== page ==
…because men’s vanity, it seems, is as timeless as everything else. But in one of several highly moral outcomes in the novel so far, both Jose Arcadio—for he is the killer—and his wife are so tormented by the dead man’s revenant form that they leave the ancestral town forever. They tell the dead man he might find peace now… but, really, this exodus is from something of Jose Arcadio’s own making, not oppression—unless it the oppression of guilt. Other men decide to go with him because… well, because men will follow a man with a reputation for strength and decisiveness.

I should talk about what’s happened so far. It’s told in episodes focused on the Buendia family, and they are often so fast-paced it’s hard to keep track. And they don’t come in chronological order. That open line beginning ‘Later…’ refers to a character who is five when the real narrative gets under way, and it’s some pages before we get to the incident he is remembering. He’s facing a firing-squad—fifty-odd pages in, we still don’t know why—and the narrator mentions this fact again from time to time. At first we wonder whether this might be the man’s whole life in retrospect, but no. More like, it’s how family sagas go, with key incidents given prominence and details filled in whenever they need to be. We’re not offered neatly placed points of view or the internal workings of individual psychologies. When somebody does something, we get to hear about it, and we might or might not get to know about why they did it. I realise I’m back to myth-making. What we get in myths, mainly, are events.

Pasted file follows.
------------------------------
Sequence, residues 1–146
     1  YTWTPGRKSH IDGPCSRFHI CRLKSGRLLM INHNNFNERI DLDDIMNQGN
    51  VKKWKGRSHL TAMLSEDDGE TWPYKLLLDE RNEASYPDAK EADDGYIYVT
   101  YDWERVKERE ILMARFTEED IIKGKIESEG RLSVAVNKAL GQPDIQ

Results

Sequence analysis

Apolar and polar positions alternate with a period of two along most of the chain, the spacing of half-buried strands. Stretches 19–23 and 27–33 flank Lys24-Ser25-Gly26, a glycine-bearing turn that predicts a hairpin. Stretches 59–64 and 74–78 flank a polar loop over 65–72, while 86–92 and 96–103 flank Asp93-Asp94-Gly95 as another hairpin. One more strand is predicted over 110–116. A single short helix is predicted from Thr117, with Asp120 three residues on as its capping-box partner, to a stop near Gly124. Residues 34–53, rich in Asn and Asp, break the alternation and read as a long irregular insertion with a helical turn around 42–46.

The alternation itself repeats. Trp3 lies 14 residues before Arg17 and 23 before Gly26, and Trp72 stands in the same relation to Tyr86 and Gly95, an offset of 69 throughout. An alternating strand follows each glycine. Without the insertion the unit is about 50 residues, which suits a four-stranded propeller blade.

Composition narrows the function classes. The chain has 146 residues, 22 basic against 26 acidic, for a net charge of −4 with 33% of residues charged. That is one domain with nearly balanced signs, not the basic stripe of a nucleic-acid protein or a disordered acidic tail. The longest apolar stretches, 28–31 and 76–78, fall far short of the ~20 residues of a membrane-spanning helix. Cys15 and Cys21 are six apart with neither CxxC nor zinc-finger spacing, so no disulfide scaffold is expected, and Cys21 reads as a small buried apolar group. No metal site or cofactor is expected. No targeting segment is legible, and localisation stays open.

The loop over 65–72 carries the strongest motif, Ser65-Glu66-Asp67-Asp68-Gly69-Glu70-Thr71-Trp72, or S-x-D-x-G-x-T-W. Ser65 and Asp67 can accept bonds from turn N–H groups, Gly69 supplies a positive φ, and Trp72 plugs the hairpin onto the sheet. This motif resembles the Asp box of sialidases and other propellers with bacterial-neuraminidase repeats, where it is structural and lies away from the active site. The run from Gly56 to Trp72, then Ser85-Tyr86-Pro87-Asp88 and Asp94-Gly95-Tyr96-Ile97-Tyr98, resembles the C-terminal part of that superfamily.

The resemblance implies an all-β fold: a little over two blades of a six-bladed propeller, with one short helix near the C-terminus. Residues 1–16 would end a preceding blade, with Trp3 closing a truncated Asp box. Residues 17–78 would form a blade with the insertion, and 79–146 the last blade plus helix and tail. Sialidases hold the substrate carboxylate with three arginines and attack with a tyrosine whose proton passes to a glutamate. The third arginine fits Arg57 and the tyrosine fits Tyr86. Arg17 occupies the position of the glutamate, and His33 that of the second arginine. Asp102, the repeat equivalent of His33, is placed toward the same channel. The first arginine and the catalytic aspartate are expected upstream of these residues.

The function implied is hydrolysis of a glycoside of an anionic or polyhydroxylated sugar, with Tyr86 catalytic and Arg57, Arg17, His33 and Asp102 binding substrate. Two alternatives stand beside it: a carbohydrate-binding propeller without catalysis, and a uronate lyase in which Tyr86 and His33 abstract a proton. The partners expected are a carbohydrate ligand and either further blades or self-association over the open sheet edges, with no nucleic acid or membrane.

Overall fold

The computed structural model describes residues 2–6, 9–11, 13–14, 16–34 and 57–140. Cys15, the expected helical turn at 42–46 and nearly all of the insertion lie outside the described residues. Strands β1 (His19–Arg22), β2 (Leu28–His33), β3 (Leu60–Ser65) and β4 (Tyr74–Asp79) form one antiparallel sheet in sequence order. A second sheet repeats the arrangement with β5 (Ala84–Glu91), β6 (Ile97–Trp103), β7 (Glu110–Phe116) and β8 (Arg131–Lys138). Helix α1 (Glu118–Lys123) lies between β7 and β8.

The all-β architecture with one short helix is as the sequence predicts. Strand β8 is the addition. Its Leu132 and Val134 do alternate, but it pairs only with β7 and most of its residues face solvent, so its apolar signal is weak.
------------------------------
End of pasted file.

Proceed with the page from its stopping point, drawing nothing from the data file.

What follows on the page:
So, in no particular order…. As a young man Jose Arcadio, as expected, marries Ursula, a cousin from another big family in Riohacha. (This is a real city in Colombia, but Marquez incorporates it into his myth-making when he introduces the chapter about the marriage with a story about the bizarre accident suffered by Ursula’s great-great grandmother as she flees in terror from Francis Drake’s attack in the 16th Century.) But there’s some unease—there’s always been a lot of intermarriage going on, and Ursula’s family are superstitious. Cue the ridiculous story of the chastity belt of leather straps which guards her virginity for months, then a year…. Jose doesn’t hear the rumours about his own impotence at first, and when he does he’s OK about it—he knows the truth. Until, at a cock-fight, the owner whose birds have lost to Jose’s makes a joke, and Jose kills him. This tale of unrestrained machismo is what kick-starts the story of the journey and the founding of Macondo, their new village—by a river, after Jose gives up on ever finding the sea. On the journey, Ursula gives birth to their first son, also called Jose Arcadio… and there’s relief all round that not only is he human, he’s otherwise entirely normal. There are family stories of weird births, particularly one of a child born with a pig’s tail.